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A History of Spain by Charles E. Chapman

And other influences on Castilian thought and science


University and other education.]

The universities increased in number and influence to the point of being a vital factor in the intellectual life of the period. In the _Partidas_, Alfonso X distinguished between the "general studies" founded by the pope, emperor, or king, and the "particular studies," the creation of an individual or town. The former combined secondary and higher education, for the old _trivium_ and _quadrivium_ were retained, with the addition of the Roman and canon law.[48] Gradually the higher studies began to predominate, and associated themselves with the term "university." The "particular studies" were usually conducted by a single master with a few students, and were confined to some one or two branches of learning. Some of these subjects, when they differed from the fundamental courses of the "general studies," tended to be adopted by the latter. Thus theology was added to the university curriculum in the fifteenth century. Other subjects were also studied in the universities, even though not common to all, such as medicine and surgery at Salamanca. Primary education was neglected, although the church schools still continued and some towns or individuals founded such schools. The universities received considerable government aid, but were autonomous, and depended in part on other sources of income, such as their own fees and the gifts by individuals or corporations other than the state. The students and teachers together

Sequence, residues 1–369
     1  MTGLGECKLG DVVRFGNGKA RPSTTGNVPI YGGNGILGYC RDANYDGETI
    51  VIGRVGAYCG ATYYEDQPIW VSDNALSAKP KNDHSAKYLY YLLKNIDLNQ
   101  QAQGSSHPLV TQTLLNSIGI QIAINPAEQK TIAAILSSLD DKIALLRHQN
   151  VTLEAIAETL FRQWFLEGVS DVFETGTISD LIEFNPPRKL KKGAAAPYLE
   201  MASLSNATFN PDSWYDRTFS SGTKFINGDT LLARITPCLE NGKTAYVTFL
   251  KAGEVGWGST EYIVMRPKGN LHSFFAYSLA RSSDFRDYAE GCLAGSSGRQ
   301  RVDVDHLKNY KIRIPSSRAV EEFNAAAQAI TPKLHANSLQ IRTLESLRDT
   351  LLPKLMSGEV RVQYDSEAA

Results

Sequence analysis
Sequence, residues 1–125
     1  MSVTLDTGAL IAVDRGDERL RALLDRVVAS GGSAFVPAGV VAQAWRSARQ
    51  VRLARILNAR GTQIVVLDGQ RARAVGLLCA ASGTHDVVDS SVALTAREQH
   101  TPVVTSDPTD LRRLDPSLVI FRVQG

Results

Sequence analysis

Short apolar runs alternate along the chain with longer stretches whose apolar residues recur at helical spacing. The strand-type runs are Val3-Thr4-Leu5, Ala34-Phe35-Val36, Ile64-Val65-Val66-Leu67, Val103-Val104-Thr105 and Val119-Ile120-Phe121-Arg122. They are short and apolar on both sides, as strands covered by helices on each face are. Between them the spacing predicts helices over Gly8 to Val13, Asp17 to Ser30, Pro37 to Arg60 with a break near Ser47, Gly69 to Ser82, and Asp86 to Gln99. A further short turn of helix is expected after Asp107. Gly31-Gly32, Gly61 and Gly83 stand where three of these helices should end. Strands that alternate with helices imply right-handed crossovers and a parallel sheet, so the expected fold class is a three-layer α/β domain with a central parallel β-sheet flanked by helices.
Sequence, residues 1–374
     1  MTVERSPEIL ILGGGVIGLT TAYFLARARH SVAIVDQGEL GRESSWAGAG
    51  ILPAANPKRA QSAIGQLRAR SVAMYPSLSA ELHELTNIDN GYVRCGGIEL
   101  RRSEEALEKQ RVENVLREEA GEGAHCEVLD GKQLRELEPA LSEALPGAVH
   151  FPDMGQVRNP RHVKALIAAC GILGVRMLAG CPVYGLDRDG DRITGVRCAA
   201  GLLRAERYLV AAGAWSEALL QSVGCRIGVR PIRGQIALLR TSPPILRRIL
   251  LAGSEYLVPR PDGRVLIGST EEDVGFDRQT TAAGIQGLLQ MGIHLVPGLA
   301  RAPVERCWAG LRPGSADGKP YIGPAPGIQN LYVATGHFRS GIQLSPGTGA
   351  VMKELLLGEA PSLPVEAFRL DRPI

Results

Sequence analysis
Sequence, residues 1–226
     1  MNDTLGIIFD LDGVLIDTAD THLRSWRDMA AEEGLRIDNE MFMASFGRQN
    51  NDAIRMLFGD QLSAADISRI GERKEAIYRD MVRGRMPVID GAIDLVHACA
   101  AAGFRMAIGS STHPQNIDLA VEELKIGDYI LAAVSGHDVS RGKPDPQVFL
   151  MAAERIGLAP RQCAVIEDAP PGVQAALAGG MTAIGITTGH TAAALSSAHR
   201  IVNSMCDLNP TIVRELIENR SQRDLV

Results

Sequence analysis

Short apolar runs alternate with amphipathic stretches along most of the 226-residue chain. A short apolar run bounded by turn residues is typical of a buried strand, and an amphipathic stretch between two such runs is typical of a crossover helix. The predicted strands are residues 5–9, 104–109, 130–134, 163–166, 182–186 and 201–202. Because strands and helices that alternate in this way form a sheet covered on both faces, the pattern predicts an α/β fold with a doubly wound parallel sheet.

formed a _cofrad?a_, or fraternity, which elected its own rector, or president. A bishop, dean, or abbot was usually constituted a kind of guardian by royal mandate. This official was gradually replaced by the "schoolmaster of the cathedral," who came to be judge in cases affecting university students, and even arrogated to himself the right to confer degrees, rivalling the president of the university in authority. All members of the university were granted special legal privileges (approximately those of the clergy) with respect to their persons and goods. The method of teaching employed was the reading of a text by the teacher, who commented upon and explained it. Examinations were held for the granting of the bachelor's and doctor's degrees. Not only did each university possess a library, but there were also many other public and private libraries, and the trade of the copyist and the manufacture of books were markedly more prominent than before. In the universities texts were loaned (not sold) to students to enable them to correct their notes,--which shows that books were still comparatively scarce. Some time before 1475, at an uncertain date, the art of printing was introduced into Castile,--with effects which belong to the following eras.

[Sidenote: Moslem, Jewish, and other influences on Castilian thought and science.]

The oriental influence on Castilian thought and science, or rather the classical influences transmitted

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